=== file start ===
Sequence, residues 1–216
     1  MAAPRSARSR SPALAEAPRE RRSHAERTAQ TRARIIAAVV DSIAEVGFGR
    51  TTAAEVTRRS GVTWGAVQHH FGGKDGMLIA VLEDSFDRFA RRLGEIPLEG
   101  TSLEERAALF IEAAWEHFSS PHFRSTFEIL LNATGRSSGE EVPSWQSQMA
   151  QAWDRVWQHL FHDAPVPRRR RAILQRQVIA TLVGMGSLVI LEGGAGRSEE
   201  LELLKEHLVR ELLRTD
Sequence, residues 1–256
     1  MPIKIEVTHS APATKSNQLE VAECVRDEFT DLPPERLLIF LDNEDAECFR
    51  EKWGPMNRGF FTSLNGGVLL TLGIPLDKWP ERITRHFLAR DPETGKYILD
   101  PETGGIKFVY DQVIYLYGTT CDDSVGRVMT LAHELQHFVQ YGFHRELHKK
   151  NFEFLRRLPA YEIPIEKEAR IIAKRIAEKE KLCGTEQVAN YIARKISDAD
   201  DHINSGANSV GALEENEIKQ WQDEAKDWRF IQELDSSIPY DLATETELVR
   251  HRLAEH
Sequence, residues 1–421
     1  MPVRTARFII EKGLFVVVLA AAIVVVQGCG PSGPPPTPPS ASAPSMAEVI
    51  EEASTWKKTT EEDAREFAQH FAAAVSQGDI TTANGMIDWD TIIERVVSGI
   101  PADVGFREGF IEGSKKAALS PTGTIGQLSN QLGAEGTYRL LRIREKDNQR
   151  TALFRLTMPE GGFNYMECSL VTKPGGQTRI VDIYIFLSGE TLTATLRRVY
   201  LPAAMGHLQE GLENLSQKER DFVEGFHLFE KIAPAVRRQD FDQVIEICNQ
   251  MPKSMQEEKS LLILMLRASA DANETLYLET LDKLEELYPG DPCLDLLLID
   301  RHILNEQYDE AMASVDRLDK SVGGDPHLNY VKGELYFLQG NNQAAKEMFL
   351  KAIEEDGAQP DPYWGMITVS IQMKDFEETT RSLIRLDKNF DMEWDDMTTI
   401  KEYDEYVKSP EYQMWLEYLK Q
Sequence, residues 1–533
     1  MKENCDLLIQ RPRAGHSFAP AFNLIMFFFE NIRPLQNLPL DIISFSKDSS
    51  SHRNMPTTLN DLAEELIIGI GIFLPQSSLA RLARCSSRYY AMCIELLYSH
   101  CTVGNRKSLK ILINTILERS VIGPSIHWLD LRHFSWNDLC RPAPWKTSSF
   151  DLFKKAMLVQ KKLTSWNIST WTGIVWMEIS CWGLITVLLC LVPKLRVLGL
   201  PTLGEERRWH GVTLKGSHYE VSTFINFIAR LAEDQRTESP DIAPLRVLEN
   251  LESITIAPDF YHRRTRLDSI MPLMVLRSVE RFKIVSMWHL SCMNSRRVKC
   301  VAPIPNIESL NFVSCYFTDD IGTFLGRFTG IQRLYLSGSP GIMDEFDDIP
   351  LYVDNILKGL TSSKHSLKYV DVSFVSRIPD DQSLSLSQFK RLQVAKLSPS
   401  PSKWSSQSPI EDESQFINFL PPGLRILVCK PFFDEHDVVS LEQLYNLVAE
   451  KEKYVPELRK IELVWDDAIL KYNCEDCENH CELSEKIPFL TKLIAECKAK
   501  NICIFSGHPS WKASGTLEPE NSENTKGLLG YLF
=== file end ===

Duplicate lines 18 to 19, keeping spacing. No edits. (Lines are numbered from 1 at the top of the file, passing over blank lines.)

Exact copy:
   151  TALFRLTMPE GGFNYMECSL VTKPGGQTRI VDIYIFLSGE TLTATLRRVY
   201  LPAAMGHLQE GLENLSQKER DFVEGFHLFE KIAPAVRRQD FDQVIEICNQ